Pollution Prevention

There are many ways that you can have a “Footprint” in pollution prevention.

  • Car or van pool to work to reduce the number of vehicles on our roads.
  • Walk or bicycle with your child to school instead of driving them.
  • Start a Walking School Bus program in your community. www.walkingschoolbus.org
  • Plan ahead so you can combine trips.
  • Idling gets you 0 miles per gallon. The best way to warm up a vehicle is to drive it. No more than 30 seconds of idling on winter days is needed. Anything more simply wastes fuel and increases emission.
  • Do not top off the tank when refueling. Make sure the gas cap fits properly to avoid spills. Refuel before 7am or after the sun goes down.
  • Don’t tamper with the pollution controls and have the vehicle inspected regularly.
  • Keep track of your fuel economy. A loss of economy usually means an increase in emissions. Poorly inflated tires can also cause a loss in fuel economy.
  • Watch the exhaust. If it is black, there is too much gas in the mixture and the fuel injection system needs to be checked. If the exhaust is blue, the car is burning oil and releasing excess hydrocarbons.
  • Fix air conditioning leaks immediately.
  • Pay attention to dashboard warning lights. Have the car checked out as soon as possible.
  • Aggressive driving (speeding, rapid acceleration, and hard braking) wastes gas. It can lower your highway gas mileage 33% and city mileage 5%.
  • Avoid high speeds. Above 60mph, gas mileage drops rapidly. The fuel economy website, located at www.fueleconomy.gov shows how driving speed affects gas mileage.
  • Using cruise control on the highway helps you maintain a constant speed and, in most cases, will save gas.
  • Clear out your car; extra weight decreases gas mileage.
  • Reduce drag by placing items inside the car or trunk rather than on roof racks. A roof rack or carrier provides additional cargo space and may allow you to buy a smaller car. However, a loaded roof rack can decrease your fuel economy by 5%.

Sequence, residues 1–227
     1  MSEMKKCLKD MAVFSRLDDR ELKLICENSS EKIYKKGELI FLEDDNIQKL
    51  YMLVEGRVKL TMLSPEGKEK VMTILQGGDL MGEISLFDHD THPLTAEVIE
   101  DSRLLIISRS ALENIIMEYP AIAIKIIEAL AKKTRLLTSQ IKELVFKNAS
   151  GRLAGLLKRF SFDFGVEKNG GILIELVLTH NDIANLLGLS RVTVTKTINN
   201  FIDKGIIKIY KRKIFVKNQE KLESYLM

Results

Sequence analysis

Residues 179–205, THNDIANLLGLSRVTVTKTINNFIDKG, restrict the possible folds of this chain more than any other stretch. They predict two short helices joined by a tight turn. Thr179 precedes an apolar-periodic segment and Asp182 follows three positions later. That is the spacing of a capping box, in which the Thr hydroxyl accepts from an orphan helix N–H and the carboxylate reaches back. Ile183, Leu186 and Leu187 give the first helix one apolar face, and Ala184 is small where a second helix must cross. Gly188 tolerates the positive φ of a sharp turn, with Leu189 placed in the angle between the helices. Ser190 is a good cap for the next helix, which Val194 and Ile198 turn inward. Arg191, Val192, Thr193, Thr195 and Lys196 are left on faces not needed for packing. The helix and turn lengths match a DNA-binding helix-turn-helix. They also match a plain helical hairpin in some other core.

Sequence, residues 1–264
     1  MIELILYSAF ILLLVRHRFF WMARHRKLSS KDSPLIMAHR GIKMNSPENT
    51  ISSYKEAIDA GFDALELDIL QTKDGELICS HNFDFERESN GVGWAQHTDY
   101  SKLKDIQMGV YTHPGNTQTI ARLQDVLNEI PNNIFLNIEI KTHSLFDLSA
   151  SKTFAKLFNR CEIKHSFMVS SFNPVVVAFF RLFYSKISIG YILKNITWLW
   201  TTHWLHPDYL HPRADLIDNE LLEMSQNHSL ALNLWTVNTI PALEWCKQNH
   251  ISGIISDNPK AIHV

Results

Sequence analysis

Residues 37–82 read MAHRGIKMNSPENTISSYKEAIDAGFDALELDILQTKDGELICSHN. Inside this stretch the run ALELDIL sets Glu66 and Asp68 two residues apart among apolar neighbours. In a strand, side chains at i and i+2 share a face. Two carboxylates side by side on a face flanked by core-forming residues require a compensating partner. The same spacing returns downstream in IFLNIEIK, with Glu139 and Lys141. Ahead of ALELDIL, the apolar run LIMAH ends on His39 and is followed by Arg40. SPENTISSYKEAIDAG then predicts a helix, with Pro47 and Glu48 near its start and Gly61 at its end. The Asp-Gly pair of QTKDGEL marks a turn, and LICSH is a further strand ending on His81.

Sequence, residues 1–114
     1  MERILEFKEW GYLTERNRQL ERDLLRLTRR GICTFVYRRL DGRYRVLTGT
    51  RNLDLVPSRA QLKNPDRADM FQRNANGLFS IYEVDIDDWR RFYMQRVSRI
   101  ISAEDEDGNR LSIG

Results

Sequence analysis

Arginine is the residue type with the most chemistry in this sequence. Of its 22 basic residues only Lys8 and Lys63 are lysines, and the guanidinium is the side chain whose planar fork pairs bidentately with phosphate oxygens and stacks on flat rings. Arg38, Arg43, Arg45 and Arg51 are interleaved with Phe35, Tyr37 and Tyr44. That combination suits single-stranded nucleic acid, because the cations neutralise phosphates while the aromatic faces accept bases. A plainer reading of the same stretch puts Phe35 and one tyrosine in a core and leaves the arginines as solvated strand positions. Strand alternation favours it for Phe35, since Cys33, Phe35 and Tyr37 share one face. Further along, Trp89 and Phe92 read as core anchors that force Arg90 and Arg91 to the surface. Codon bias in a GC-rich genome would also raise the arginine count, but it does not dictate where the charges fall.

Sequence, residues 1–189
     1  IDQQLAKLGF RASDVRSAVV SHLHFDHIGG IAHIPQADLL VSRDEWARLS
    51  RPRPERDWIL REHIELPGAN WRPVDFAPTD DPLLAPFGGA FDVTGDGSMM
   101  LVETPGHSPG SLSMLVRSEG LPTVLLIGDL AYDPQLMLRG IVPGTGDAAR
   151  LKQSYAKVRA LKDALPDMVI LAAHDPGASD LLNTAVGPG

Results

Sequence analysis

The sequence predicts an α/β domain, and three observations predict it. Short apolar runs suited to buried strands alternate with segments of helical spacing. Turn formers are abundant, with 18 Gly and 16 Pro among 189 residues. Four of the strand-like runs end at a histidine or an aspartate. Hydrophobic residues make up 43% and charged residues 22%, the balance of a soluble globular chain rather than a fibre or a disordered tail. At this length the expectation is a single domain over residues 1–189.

• Leave early to avoid morning rush-hour traffic.
  • Take your lunch to work or school.
  • Combine errands into one trip. Cold start emissions from vehicles are responsible for 80-90 percent of the total emissions emitted from vehicles.
  • Avoid drive-through lanes to prevent long-term idling.
  • Minimize the use of gasoline-powered lawn and garden equipment until after 6 p.m.
  • Schedule painting projects during cooler months, and when painting, use water-based paints.

 Tips for the Commercial Industry

Work shift schedules to allow employees to avoid morning rush-hour traffic.

Allow employees to work from home (telecommuting).

For employees who carpool/vanpool, provide a "Guaranteed Ride Home" should an emergency arise.

Schedule meetings that don't require driving (meet on site or make conference calls).

Fuel fleet vehicles before 7 a.m. or after dark.

Put off all nonessential trips and activities that require engines on High Pollution Advisory Days.

Alter production schedules to avoid heavy production on High Pollution Advisory Days.

Arrange lunch schedules so employees can carpool.

Limit strenuous outdoor activity by employees on High Pollution Advisory Days. During strenuous work we breathe more often and draw more deeply which increases our intake of air by as much as 10 times our level at rest.

Consider purchasing reduced-emission fleet vehicles.